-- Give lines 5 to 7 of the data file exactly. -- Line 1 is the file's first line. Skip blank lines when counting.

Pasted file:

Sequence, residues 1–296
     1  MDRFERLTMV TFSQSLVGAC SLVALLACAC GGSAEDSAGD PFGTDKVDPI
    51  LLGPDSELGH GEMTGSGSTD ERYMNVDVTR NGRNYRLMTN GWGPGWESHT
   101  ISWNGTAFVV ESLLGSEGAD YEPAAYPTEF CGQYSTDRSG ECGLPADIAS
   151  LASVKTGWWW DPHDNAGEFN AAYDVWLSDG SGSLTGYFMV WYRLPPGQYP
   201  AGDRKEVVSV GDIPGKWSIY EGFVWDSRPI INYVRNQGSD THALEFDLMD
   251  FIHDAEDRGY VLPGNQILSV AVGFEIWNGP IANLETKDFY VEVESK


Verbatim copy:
   151  LASVKTGWWW DPHDNAGEFN AAYDVWLSDG SGSLTGYFMV WYRLPPGQYP
   201  AGDRKEVVSV GDIPGKWSIY EGFVWDSRPI INYVRNQGSD THALEFDLMD
   251  FIHDAEDRGY VLPGNQILSV AVGFEIWNGP IANLETKDFY VEVESK